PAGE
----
Data that passes through your printing device can be accessed by a hacker if the right security measures are not in place. In fact, as many as 56 percent of global internet-connected printers may be unsecured, according to a cybersecurity team who hacked 27,944 printers in 2020 to demonstrate the vulnerability. However, even printers that aren’t web-enabled can have their data accessed by someone onsite.

This is why choosing a specialised business printer with sufficient security features is essential before digitising your paper documents, particularly if remote employees using home networks are involved. Most basic consumer devices won’t have the necessary security available, such as local and network authentication, data encryption, overwrite-erase and password access.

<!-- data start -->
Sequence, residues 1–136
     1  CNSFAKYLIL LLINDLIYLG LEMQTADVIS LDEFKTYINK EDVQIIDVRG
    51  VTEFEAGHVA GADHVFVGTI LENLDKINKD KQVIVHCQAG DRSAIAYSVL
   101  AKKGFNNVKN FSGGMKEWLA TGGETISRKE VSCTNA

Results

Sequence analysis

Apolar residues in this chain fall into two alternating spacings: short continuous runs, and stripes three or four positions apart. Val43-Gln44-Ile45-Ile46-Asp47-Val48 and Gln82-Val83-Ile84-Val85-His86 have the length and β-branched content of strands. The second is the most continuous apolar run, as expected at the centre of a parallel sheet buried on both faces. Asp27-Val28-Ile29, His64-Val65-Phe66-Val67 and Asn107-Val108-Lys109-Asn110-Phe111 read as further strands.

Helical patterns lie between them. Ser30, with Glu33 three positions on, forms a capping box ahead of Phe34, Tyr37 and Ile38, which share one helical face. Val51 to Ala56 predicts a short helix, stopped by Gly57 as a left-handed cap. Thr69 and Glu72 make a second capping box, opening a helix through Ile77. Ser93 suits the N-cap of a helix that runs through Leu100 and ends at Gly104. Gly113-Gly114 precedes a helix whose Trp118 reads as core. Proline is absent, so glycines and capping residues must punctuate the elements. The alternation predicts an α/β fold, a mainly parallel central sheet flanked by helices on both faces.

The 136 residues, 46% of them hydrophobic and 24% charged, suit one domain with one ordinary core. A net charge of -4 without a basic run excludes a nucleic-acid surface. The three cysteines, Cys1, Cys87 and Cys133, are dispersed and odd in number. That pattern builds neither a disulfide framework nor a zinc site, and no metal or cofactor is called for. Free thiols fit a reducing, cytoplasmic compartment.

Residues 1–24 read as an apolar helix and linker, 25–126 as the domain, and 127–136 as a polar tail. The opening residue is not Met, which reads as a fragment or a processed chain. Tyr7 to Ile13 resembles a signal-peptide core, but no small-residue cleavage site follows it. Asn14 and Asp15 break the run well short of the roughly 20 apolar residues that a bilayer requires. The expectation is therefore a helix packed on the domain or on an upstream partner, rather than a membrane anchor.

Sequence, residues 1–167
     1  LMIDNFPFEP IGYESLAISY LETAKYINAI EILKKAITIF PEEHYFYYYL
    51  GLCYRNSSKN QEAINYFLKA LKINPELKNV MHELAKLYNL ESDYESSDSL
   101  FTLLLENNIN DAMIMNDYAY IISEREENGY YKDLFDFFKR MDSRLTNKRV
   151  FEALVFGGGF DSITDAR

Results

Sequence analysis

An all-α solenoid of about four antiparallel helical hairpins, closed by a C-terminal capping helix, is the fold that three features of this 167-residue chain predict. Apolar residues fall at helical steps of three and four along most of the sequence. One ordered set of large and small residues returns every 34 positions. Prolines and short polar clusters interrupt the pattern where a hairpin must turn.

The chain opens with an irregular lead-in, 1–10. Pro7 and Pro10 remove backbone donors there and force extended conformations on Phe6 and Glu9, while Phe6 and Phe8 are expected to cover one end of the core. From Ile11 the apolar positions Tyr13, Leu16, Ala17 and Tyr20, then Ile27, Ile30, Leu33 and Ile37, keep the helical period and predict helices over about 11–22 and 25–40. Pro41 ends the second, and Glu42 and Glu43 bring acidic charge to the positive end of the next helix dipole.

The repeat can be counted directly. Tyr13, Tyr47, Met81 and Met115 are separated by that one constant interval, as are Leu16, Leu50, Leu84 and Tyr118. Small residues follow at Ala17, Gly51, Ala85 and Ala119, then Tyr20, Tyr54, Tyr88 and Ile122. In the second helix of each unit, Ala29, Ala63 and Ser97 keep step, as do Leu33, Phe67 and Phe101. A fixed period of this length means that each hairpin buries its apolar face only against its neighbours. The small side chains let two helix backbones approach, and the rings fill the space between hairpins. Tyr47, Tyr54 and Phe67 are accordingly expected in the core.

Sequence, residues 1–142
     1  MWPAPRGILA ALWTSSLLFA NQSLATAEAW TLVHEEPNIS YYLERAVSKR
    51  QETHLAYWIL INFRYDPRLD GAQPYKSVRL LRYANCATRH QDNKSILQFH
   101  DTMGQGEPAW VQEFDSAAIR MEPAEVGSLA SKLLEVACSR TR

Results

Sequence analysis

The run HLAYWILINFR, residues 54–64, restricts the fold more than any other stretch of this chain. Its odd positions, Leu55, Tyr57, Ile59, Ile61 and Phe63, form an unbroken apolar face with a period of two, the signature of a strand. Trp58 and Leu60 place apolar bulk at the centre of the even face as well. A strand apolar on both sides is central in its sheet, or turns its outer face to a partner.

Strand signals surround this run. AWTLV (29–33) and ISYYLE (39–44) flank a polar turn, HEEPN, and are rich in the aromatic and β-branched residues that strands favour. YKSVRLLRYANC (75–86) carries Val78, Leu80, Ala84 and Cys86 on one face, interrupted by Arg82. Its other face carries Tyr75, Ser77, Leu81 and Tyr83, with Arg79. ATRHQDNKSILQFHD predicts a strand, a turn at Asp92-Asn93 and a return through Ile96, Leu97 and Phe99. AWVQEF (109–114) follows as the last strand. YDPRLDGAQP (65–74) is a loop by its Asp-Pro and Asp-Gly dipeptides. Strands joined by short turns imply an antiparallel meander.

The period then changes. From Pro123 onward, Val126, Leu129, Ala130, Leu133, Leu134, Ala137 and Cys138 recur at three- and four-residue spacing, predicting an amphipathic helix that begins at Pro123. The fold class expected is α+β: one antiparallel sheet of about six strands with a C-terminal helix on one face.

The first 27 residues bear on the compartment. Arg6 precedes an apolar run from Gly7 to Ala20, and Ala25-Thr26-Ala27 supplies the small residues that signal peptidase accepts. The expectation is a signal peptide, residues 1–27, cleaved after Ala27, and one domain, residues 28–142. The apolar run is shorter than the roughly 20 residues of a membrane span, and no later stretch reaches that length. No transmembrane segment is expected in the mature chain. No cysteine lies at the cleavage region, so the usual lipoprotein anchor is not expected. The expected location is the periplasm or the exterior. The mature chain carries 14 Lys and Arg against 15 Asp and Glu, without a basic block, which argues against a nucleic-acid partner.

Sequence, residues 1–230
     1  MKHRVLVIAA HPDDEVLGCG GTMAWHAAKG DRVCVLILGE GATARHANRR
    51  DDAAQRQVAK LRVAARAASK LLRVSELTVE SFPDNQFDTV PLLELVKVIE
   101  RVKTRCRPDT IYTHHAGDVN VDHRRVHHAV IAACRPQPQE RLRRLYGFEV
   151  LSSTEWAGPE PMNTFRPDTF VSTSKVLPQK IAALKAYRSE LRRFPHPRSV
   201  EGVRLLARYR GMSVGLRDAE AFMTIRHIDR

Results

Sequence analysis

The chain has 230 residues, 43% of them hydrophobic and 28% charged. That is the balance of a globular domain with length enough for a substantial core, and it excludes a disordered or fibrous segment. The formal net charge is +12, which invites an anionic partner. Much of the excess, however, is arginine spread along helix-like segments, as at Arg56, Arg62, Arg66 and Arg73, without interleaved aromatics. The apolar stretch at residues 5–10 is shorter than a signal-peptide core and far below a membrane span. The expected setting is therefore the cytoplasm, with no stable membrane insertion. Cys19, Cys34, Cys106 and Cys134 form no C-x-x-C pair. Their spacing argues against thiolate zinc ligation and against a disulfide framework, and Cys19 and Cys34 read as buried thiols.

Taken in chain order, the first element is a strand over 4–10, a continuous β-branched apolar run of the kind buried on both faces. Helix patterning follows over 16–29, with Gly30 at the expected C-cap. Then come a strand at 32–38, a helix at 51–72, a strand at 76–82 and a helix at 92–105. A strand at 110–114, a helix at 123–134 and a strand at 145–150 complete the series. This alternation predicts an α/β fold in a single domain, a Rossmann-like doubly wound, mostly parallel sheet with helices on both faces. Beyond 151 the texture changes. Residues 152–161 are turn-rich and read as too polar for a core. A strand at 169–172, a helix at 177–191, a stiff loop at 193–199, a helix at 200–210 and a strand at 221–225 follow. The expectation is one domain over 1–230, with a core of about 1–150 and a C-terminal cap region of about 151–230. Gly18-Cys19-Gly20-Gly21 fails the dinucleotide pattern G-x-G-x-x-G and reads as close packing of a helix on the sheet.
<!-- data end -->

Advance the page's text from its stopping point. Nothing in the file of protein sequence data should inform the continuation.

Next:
Whether you’re transferring your documents to a cloud content service or a physical server, a web-enabled printer will make the digitisation process smooth and efficient by giving you access to features such as advanced document recognition, which will help with automatic classification. Otherwise, you could find yourself manually transferring documents from the scanning software to your content services platform.

Stage 2: Connect your people

Once you have the equipment to digitise your documents, you’ll need a content services platform to manage them in their digital format. Not only will this system need to store your data, but it will also need to connect your employees through file sharing capabilities and enable them to access data quickly and easily from any location. A cloud solution is an obvious choice for a hybrid workplace, where workers are distributed across a variety of workspaces.